When thinking of Indonesian food, images of nasi goreng or beef rendang might come to mind. While that wouldn’t be wrong, there’s much more to Indonesian food than the few dishes on heavy rotation in Melbourne, and Yoi is here to prove that.
The family-run venue was started by mother Lie Lie Tjoa, and brothers Gideon and Michael Sanusi in August 2019. “We were the first ones who introduced martabak manis (a fluffy sweet pancake) to Melbourne that is made fresh to order. We make it the same as the street vendors in Indonesia,” said Gideon.
The venue itself is clad in floor-to-ceiling glass and the modern insides of this culinary conservatory were designed by architecture and interior design studio T-a Square. Concrete walls meet lush, baby ferns and there’s a mishmash of brown leather seats and wooden benches. Plants are sprawled across the venue and you could almost imagine you’re in an upscale venue in the middle of Jakarta. A digital waiter (aka a polite robot on wheels) adorns rows of trays and dishes up food at tables – a sure-fire hit with kids and the easiest way to get them to eat.
The martabak in question is a sweet, stuffed pancake that’s thicker than a baseball mitt. It’s spongy and more of a crumpet-pancake hybrid than a run-of-the-mill short stack. Choose between the classic or the pandan infused martabak stuffed with your choice of toppings, but shredded cheese, peanuts and Nutella are usually the way to go. The family lather it in a Dutch salted butter that contains a higher milk fat percentage than most butter and soak it in enough condensed milk to make anyone lactose intolerant squirm. The result is a warm, cheesy dessert that will leave you covered in chocolate.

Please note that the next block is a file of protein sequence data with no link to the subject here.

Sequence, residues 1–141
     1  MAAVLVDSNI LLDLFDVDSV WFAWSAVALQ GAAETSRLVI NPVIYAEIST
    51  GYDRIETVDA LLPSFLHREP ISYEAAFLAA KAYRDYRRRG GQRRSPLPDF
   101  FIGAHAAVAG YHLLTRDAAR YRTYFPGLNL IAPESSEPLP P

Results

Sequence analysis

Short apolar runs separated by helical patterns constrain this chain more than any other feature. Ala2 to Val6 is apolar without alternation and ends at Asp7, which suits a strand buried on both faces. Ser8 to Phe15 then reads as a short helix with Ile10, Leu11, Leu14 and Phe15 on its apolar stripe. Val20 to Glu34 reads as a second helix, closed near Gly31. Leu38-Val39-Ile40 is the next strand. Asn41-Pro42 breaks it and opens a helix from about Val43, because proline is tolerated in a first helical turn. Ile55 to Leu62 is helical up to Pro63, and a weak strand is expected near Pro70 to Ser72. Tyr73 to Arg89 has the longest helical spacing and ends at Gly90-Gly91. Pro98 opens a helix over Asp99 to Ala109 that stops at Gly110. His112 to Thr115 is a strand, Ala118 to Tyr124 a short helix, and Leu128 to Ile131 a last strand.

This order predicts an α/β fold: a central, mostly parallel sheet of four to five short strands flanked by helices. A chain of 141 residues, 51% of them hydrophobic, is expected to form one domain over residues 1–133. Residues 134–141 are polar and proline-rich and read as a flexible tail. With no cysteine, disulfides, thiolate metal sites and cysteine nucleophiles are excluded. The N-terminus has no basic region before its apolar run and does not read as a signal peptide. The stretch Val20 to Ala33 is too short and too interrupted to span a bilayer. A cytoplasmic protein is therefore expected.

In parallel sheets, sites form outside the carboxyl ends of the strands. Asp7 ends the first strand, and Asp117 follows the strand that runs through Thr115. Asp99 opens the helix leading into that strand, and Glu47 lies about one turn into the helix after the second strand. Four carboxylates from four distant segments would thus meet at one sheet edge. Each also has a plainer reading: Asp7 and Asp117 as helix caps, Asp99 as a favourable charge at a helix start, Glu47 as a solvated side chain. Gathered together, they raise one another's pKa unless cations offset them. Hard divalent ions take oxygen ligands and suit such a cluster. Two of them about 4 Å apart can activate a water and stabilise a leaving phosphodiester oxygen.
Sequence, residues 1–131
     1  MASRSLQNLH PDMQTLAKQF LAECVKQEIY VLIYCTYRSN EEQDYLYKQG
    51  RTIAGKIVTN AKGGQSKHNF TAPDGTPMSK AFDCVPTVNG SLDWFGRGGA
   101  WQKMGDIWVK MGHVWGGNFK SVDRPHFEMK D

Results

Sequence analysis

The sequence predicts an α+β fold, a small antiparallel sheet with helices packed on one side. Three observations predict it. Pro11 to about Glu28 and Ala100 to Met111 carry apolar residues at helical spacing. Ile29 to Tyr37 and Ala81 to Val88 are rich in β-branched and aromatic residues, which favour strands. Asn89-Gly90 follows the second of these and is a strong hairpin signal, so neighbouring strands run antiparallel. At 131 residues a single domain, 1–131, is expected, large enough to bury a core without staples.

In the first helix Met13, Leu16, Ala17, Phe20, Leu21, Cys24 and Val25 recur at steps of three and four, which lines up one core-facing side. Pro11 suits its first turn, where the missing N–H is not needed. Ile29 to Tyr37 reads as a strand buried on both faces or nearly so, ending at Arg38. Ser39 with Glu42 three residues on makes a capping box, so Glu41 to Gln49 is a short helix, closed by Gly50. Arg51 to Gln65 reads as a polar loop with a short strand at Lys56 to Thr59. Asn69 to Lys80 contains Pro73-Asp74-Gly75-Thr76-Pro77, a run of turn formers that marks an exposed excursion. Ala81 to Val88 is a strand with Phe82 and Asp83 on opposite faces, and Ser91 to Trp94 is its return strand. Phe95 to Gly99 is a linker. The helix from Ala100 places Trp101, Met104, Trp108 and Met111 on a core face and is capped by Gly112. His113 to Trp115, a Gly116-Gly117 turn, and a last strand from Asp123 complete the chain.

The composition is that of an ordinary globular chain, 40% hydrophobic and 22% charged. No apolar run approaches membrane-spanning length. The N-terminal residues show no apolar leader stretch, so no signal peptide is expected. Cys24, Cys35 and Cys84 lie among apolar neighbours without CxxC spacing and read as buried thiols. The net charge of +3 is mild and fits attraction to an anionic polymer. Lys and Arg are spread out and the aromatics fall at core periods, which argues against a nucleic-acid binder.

“We bring in the Wijsman (which is made in the Netherlands) ourselves from Indonesia. This is the main ingredient that gives the martabak its signature smell and taste. We also bring in curry spices from Padang, Sumatra which is the birthplace of beef rendang. We even bring in pepper from the island of Bangka which is much stronger than the pepper in Australia and we use it in nearly all of our dishes,” he said. Tjoa would lug over spices and butter in her suitcase on her annual return from Jakarta and this would make for interesting customs conversations.
The spices are pronounced in each dish on the menu. The chilli crab noodles feature an island of egg noodles and fresh chunks of crab floating on a bed of vermillion sauce spiked with garlic, red shallots and chilli. While the dish appears spicy enough to make you beeline for the kitchen sink, it’s deceivingly delicate with the addition of sugar to balance it out. Sanusi’s pride and joy is the salted egg chicken rice that he invented himself and was the inspiration behind the restaurant’s creation. Nuggets of fried chicken are coated in creamy, salted egg yolk and garnished with fried curry leaves and a fried egg. It’s a rich dish but there’s plenty of iced Indonesian milk-based drinks on offer to cut through it all.
You might need to unbutton your jeans for breathing space as you leave, but the experience will leave you feeling sated.